Testing is a critical step in the data migration journey. You need to decide which method to use, whether it’s a simple spreadsheet, scripts for minor automation, or a more robust migration tool or service. Each option has pros, cons, and varying degrees of complexity to set up. No matter the tool, the only way to verify data migration success involves testing, which is a monotonous and time-consuming process where you will discover issues, make corrections, and re-run steps.
Assigning staff for each data type will help split up the work and gain efficiency in the overall effort (e.g., sales personnel owns customer data, accounting staff own chart of accounts, warehouse owns products, etc.). Remember that even if you are only migrating master data, you will still need to do a final migration during the go-live event. Some master data sets, like products and customers, will have new additions up until the last day of using the old system. You have options at this point to only migrate the variances (the new records) or re-run the complete migration steps from scratch. Because you’ve tested your scripts many times by this point, you’ll know how long it takes to do an entire data migration run, and thus you’ll be able to decide if it makes sense to do a complete migration during the go-live or if it’s better to only migrate the new records.
Data migration is often thought of as a challenging process in implementing a new enterprise system implementation. But it doesn’t have to be. After years of successful collaboration with customers in every industry and company size imaginable, OSI has a successful track record of taking the pain out of the process. OSI customers can attest to this. By following these seven proven guidelines, you’ll ensure a transition that’s faster and more ready for a successful launch.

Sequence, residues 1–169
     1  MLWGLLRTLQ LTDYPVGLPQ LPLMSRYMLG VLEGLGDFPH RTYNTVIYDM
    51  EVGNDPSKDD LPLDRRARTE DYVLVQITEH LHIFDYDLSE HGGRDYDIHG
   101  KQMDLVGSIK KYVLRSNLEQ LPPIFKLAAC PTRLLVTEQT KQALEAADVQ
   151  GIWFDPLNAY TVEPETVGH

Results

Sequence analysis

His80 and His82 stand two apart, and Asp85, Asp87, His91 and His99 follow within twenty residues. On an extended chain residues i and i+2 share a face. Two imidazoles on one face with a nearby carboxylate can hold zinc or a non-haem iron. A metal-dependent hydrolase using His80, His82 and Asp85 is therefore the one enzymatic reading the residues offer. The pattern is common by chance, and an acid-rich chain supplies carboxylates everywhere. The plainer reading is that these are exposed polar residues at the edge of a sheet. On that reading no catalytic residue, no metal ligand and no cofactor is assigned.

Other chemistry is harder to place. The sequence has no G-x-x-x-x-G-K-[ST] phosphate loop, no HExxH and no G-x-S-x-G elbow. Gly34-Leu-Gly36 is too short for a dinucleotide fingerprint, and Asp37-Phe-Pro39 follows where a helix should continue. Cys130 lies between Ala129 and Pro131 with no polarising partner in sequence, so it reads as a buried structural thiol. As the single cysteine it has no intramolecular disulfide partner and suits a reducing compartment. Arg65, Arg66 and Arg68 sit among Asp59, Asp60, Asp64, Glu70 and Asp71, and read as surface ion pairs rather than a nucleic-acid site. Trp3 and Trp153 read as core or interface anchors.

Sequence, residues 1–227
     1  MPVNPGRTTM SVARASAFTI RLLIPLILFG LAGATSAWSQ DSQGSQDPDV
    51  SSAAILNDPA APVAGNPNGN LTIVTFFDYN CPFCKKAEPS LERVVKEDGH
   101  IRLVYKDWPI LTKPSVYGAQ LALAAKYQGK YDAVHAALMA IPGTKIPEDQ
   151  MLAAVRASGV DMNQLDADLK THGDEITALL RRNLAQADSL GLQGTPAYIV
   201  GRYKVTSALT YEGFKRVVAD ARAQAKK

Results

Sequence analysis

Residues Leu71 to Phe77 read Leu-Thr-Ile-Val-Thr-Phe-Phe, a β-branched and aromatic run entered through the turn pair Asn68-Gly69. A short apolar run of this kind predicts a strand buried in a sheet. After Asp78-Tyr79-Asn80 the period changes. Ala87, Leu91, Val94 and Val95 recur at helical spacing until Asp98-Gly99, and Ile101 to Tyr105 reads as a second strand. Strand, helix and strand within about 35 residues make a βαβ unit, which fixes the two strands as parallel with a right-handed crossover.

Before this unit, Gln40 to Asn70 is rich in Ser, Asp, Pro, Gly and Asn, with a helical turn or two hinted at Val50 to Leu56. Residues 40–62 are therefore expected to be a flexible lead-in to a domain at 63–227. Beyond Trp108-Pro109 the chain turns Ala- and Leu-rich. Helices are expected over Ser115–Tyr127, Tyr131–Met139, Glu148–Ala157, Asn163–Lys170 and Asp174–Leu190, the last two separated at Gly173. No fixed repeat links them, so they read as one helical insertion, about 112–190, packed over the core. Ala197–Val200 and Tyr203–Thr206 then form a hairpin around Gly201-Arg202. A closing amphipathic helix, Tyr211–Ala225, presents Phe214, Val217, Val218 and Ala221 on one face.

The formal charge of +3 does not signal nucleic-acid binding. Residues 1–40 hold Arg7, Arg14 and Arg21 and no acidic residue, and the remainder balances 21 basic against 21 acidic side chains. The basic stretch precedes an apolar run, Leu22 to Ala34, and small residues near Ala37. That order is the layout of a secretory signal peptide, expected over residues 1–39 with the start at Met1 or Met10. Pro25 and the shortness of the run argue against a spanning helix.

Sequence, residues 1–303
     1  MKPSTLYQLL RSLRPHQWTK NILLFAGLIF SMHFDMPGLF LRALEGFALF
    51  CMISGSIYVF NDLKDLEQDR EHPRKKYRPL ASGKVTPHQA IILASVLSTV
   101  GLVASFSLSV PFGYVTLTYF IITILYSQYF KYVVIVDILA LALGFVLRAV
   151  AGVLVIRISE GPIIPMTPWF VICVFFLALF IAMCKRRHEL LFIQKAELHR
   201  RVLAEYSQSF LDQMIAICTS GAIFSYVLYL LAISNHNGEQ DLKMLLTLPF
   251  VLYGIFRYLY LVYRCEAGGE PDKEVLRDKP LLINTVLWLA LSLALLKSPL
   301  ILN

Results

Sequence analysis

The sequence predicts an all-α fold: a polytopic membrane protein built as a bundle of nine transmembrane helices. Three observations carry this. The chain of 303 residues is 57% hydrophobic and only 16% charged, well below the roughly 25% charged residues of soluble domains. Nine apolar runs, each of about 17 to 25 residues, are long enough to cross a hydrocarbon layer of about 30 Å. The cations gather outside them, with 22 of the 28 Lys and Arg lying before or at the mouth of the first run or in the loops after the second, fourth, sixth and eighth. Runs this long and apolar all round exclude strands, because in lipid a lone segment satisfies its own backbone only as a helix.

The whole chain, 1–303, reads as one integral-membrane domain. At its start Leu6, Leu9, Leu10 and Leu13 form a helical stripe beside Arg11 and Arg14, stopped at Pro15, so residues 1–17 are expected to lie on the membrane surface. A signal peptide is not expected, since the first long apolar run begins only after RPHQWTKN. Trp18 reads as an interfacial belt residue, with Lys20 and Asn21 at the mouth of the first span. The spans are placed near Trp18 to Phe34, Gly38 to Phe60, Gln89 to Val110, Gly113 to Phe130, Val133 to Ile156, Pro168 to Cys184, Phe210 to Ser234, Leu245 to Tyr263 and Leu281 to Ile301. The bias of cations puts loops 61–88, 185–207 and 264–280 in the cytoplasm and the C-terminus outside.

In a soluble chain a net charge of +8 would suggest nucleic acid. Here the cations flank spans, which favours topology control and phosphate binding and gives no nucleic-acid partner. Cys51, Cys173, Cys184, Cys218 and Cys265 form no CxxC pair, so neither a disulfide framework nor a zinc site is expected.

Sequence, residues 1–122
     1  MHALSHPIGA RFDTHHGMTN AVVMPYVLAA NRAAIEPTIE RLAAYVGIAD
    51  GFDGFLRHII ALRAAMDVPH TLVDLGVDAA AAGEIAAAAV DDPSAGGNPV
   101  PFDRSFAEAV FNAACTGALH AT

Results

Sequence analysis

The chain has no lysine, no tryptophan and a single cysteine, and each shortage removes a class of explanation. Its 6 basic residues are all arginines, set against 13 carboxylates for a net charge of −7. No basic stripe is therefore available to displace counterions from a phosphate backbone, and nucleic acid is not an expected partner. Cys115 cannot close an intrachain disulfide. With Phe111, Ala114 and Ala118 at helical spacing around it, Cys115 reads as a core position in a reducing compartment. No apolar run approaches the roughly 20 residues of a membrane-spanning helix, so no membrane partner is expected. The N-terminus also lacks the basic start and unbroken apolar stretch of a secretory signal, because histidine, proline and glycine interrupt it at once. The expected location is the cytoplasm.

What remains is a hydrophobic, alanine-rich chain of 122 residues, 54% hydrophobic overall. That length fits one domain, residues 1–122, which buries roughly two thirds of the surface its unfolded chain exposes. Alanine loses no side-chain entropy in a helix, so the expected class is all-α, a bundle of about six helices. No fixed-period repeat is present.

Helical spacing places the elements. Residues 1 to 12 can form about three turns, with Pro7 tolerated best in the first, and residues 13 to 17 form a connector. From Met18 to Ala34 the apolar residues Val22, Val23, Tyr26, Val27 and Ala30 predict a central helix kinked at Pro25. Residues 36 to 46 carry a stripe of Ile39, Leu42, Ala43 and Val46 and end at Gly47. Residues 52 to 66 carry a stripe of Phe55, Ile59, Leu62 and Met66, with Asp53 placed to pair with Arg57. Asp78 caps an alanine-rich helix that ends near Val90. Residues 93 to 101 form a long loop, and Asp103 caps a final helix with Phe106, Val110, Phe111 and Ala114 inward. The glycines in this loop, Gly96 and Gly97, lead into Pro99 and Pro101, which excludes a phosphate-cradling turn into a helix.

Remember that while data migration involves upfront effort, you’ll achieve a significant return on value in terms of increasing process efficiency, reducing waste, and boosting collaboration. And OSI stands ready to help. Our professional services consultants can carefully craft a data migration strategy that ensures your Odoo open source solution runs on reliable data that delivers better business outcomes.
About the author:
Greg Mader is the founder and president of Open Source Integrators (OSI), a global leader in open source business consulting and IT services. He’s an Army Veteran and entrepreneur, adept at managing large teams and complex projects, delivered on time and budget. His background includes leading and developing large and small teams, with a focus on communication, mission relevance, and improved deliveries. His expertise spans across strategic planning, project management, ERP, GIS, and other enterprise technologies.